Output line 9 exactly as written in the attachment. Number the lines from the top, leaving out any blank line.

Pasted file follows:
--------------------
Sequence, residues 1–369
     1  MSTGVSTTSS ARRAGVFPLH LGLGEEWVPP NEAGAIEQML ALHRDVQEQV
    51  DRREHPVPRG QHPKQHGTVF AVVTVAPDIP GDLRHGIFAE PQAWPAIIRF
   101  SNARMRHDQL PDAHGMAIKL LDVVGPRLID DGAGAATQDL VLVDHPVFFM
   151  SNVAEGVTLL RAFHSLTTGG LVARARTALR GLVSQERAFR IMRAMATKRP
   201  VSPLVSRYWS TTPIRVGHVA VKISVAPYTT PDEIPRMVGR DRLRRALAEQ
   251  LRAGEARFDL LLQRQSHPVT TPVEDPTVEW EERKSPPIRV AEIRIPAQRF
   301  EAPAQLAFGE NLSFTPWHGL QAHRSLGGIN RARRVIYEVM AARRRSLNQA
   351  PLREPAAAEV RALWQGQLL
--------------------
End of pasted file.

   351  PLREPAAAEV RALWQGQLL